Why might co-workers mob or bully someone? As Oliker points out, "Motivation ... usually includes: a desire for power, for control, for achieving greater social status and popularity, jealousy, fear and derailing competition."
According to Duffy and Sperry, one of the earliest--and most easily remedied--signs of mobbing is what they refer to as "unethical communication." In the 1980's, Swedish psychologist Heinz Leymann "emphasized the significance of unethical communication in the development and acceleration of workplace mobbing"--he argued that it "both ignit[ed] workplace mobbing and ... power[ed] it once it got started."
Duffy and Sperry offer a long list of behaviors that fall under the category of "unethical communication," specifically, "gossip, lies, rumors, innuendo, ridicule, belittlement, disparagement, humiliation, false information, dissemination of such information, failure to correct false information, leaks of personal and confidential information... isolating a worker, ignoring an employee, giving an employee the 'cold shoulder'."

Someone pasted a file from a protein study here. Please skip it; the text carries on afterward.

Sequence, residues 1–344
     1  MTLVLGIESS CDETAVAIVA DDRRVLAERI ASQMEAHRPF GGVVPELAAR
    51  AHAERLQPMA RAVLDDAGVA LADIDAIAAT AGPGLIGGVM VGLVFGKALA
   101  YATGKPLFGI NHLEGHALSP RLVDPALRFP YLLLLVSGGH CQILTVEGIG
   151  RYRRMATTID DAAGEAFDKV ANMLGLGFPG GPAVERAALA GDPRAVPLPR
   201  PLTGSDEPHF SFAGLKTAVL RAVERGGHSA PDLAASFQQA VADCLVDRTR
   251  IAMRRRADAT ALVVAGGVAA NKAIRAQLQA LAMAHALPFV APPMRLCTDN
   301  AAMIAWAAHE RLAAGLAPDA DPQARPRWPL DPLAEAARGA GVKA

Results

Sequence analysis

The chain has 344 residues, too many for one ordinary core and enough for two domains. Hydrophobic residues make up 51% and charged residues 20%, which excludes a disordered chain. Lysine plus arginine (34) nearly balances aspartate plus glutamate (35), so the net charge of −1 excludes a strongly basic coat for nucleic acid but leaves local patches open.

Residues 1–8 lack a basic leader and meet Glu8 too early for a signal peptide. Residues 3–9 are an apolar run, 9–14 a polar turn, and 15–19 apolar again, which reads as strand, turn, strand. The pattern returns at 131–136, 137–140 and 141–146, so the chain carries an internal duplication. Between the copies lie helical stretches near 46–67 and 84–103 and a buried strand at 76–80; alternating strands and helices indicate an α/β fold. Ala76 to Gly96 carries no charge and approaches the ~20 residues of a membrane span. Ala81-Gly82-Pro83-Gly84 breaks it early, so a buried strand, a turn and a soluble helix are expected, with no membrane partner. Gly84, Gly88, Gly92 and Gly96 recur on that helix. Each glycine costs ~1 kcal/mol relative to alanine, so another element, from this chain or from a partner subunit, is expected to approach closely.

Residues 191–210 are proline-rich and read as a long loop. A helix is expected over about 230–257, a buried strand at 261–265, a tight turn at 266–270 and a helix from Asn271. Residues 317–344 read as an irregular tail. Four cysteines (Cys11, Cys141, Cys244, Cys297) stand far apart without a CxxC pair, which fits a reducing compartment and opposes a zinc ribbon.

You get the picture.
General, run-of-the-mill unkindness is ultimately what sparks mobbing and workplace bullying. And it's on the rise: recent estimates suggest that approximately 30% of all workers have experienced some form of bullying in the workplace.
The good news is, it's probably not that hard to stop participating in unethical communication or to recognize it when we hear it.
Once we become aware of what it is and how toxic it can be, we can make a concerted effort to stop it (if possible) or, at the very least, refuse to participate it. And if we occupy managerial positions or positions of authority in the workplace, we have an ethical duty to intervene and stop it.
If and when we do, we will be one step closer to making kindness an everyday occurrence.